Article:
In addition to the cost savings made possible by using a Linux mail server, InsightConnector's reliance on an IMAP mail server environment can also provide operational, financial, and time savings in business use. Most of us are familiar with mail servers that use the POP (Post Office Protocol) or POP3 (Version 3) protocols, but less so with IMAP (Internet Mail Access Protocol) servers. The core difference between these two protocols is where your mail is stored.

By default, POP servers download mail to clients and don't preserve it on the server unless specially instructed to do so. IMAP servers store mail on the server, and only download header information to clients by default - you actually download the messages by request only. POP is therefore the favorite protocol of ISPs everywhere, since client-side message storage reduces the disk space requirements for POP servers. IMAP is actually superior in most cases - both for road warriors, who don't incur the time required to download entire messages unless they actually need them, and for system administrators, who can easily back up an IMAP mail server and provide some mail restoration options for users whose laptops burst into flames.

Bynari is a Dallas, Texas based Linux company that, among other things, has been in the Linux email client (InsightClient) and server (InsightServer, formerly known as TradeXCH) business for years. Their InsightServer is an groupware mail environment that uses Open Source components such as the Exim MTA (Mail Transfer Agent), the Cyrus IMAP system. the OpenLDAP directory service, and others to comprise an Exchange-compatible environment.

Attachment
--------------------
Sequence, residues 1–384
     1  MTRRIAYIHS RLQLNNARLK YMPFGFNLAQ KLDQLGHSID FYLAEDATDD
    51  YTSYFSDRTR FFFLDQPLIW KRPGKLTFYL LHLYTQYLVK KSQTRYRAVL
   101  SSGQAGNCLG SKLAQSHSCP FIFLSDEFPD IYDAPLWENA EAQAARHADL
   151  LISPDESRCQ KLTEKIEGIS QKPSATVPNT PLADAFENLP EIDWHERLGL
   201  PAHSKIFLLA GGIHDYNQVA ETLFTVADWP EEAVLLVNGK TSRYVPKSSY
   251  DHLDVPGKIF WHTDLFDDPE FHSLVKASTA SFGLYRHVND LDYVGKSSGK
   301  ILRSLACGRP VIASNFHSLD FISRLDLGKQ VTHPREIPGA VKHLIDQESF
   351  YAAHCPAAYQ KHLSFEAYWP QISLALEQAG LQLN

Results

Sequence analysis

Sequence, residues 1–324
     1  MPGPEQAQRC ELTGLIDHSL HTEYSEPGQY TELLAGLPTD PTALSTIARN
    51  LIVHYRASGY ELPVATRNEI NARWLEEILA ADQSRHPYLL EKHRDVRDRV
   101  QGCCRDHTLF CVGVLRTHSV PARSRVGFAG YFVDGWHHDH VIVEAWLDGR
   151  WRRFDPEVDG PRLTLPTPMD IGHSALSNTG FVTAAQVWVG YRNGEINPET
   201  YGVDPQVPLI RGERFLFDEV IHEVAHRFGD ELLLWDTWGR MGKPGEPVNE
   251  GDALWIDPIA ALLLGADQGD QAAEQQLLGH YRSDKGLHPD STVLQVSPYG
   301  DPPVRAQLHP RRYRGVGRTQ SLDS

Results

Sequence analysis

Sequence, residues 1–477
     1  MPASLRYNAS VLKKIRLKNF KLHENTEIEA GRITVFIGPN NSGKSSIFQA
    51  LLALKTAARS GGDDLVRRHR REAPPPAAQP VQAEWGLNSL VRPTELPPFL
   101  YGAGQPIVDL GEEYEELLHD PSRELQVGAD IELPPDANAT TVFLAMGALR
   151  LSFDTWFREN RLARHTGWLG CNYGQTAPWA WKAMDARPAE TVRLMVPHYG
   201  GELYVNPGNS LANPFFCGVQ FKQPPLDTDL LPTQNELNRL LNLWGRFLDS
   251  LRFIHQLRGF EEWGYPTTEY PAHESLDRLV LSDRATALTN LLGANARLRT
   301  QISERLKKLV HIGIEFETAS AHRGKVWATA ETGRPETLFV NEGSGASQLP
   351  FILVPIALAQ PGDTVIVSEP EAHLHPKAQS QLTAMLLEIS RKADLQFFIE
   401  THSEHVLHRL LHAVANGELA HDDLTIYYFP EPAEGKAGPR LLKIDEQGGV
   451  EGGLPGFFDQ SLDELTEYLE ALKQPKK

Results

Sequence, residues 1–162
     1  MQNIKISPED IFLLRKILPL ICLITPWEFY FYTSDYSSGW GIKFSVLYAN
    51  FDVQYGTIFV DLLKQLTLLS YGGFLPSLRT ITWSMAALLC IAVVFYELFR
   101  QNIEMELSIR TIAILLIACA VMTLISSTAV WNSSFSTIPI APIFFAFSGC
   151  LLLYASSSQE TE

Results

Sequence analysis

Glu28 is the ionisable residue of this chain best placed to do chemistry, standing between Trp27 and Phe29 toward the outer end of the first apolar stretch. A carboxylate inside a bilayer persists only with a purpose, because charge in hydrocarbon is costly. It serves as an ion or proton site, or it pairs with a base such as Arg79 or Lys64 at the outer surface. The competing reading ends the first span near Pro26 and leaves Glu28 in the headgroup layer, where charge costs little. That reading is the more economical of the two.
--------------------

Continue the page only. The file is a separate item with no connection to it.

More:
Without InsightConnector, InsightServer is an Exchange-comapatible environment with Addressbook lookups, shared folders, and a standard mailbox structure. In many ways, though with a longer track record, InsightServer is very similar to Caldera's Volution mail server, both in terms of the Open Source components that it uses and the capabilities that it provides. Prior to the appearance of InsightConnector, the big drawback of both of these systems as a complete replacement for Exchange servers was their lack of support for scheduling and calendaring.

You can actually use InsightConnector with either of these Linux mail servers, but I believe in supporting the people who do the true breakthrough work - which would be Bynari in this case. If you don't have an IMAP4 server, Bynari even offers a somewhat free, though somewhat stripped-down, version of their InsightServer product for free download from their Web site. (Registration required.)

One of the classic complaints made about Microsoft is the "embrace/extend/extinguish" paradigm, where they first adopt open protocols, then extend them to provide functionality that rules out any software solution other than their own. Until InsightConnector, the somewhat incestuous relationship between Outlook and Exchange has been a shining example of a Microsoft-specific feature set that keeps users and companies chained to their Windows systems. Thanks to the Exchange compatibility layer that InsightConnector provides for IMAP4 mailers, this is not the case any longer.

Bynari also provides a totally free email client, known as InsightClient, which will soon provide calendaring and scheduling features. Ours will simply be a more powerful, flexible, and inexpensive world when Windows and Linux desktop users can transparently schedule meetings, share their calendars, and do it all without paying the monetary and administrative costs associated with the Exchange mail server.

Let's give Microsoft credit for introducing some great groupware features in Outlook's scheduling and calendaring capabilities. Next, buy a copy of InsightConnector, and give Bynari credit for making these capabilities truly available to everyone, inexpensively.